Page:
Some find their calling after turning 50
The call to nursing doesn’t always happen on a predictable schedule. An article by David Wallis in the June issue of the AARP Bulletin provides several cases in point, profiling the unique career paths of four older people who turned to nursing as a “second act” after working for many years in a different field.
Edward Moriarty was one of the New York Fire Department’s key logistics coordinators during and after the 9/11 attacks, which claimed his boss and many associates. When he retired in 2006 as chief of personnel, Moriarty could have landed a comfortable job as fire safety director for a big corporation, but chose instead to become a nurse, an occupation that triggered the same “rescue instinct” that his previous job did.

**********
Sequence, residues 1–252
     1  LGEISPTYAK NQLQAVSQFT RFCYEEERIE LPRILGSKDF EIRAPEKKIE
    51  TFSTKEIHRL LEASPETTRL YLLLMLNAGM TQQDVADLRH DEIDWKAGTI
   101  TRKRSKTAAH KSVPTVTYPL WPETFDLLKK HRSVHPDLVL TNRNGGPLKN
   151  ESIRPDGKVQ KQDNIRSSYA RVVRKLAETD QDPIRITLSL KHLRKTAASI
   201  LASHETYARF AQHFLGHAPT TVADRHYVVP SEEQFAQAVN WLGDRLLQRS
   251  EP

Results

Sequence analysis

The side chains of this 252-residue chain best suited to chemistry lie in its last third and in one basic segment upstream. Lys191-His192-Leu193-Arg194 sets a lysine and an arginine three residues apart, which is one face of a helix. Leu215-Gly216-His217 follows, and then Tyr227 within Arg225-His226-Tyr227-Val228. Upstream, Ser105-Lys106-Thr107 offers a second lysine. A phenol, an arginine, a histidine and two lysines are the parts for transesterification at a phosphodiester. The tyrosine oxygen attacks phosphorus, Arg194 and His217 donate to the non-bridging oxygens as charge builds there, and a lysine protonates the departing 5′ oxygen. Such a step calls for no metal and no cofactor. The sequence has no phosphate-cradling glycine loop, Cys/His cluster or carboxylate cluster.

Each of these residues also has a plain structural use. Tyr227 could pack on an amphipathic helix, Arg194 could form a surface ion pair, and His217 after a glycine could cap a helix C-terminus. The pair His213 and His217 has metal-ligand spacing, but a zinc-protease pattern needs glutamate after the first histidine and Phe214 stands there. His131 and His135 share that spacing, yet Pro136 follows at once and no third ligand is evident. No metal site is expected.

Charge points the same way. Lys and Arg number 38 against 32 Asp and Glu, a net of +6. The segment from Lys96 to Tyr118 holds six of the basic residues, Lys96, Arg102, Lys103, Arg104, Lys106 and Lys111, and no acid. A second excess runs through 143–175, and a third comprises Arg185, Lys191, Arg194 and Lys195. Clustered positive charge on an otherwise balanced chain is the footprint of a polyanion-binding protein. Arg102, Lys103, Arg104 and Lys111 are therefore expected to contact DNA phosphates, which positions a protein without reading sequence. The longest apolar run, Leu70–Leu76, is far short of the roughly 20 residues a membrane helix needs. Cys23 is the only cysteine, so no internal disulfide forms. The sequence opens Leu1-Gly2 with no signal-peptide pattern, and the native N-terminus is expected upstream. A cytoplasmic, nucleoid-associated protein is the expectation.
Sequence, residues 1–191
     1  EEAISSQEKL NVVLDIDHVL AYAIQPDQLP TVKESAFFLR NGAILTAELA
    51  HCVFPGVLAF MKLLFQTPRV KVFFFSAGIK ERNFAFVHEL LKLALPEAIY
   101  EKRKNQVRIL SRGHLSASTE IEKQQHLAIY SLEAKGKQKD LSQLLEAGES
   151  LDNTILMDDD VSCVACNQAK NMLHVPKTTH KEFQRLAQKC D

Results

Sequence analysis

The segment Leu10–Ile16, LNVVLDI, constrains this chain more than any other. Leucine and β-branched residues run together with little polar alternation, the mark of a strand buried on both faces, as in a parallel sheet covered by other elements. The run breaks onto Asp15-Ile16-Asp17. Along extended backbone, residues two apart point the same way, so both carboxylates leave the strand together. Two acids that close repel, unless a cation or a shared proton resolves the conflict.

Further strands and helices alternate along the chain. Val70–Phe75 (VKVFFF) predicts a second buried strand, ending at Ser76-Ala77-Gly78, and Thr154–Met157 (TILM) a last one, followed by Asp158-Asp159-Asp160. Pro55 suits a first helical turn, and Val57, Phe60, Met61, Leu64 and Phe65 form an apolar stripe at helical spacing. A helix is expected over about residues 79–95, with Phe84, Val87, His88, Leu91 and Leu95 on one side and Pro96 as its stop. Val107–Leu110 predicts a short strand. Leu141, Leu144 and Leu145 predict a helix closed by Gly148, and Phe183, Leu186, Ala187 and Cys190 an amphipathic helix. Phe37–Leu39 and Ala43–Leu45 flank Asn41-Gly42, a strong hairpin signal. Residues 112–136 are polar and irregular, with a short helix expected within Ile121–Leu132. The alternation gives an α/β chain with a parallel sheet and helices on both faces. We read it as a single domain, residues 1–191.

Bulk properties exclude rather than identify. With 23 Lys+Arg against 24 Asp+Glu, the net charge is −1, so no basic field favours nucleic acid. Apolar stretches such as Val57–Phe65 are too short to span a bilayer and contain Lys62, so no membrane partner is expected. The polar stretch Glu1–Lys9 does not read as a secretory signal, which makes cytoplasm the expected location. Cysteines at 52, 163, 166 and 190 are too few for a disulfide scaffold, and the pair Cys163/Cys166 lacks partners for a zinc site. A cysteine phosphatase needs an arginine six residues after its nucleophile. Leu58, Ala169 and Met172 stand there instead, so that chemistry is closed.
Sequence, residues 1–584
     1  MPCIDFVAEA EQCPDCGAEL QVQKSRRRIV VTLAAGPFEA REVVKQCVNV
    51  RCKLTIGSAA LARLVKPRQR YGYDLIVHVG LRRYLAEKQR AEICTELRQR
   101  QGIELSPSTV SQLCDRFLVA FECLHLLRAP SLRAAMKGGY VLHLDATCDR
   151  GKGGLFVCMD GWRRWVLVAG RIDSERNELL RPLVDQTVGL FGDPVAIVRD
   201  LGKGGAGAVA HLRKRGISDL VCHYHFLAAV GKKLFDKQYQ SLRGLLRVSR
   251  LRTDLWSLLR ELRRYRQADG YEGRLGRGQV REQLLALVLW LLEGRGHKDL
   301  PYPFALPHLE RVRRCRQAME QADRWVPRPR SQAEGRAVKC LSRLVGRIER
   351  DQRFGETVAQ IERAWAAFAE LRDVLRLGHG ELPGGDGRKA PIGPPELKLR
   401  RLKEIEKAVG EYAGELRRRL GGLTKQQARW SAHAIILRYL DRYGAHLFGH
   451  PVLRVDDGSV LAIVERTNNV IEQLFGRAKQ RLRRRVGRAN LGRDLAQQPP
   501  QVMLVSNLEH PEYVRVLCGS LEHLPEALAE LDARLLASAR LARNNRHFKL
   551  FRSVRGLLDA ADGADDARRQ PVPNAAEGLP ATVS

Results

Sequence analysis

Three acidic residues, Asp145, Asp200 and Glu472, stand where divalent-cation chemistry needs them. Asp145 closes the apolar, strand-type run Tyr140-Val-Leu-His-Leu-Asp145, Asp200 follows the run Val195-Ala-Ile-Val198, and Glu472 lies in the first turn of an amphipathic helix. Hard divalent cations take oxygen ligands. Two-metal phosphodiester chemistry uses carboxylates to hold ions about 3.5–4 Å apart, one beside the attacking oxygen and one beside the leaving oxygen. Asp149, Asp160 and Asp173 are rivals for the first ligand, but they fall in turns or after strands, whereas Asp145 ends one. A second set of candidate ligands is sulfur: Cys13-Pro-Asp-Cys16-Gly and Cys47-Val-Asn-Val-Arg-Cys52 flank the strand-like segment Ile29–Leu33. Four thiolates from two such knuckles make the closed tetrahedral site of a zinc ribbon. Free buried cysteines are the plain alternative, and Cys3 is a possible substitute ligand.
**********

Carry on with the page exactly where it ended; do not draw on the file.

Moriarty is married to a nurse, so he had a good idea of what to expect from his new profession. But he is struck by the “human experience” that lies at the heart of nursing.
As firefighters, he tells AARP’s Wallis, “we took care of [emergencies] and we did the best that we could, but then we walked away. When I was [working] in hospice, I would see family members after their father or their spouse had died, and they would come up to me as if I was their best friend. So that is a totally different experience.”
Other latecomers to nursing profiled by Wallis include Tracy Gordon Fox, who went from reporting crime for the Hartford Courant to working in the emergency room at Saint Francis Medical Hospital. The moment of truth for Fox came when she stepped outside of her role as a reporter in order to help save a young heroin addict — and was scolded by her bosses for not maintaining professional distance.
Sheryl A. Ramstad survived a plane crash when she was 29 and went on to become a judge in the Minnesota Tax Court and commissioner at the Minnesota Dept. of Corrections. Upon retirement, Ramstad turned to nursing. Wallis reports how, during training, Ramstad discovered the profound satisfaction of being “really able to make a difference” with recovering patients by drawing on her own recovery experience following the plane crash.
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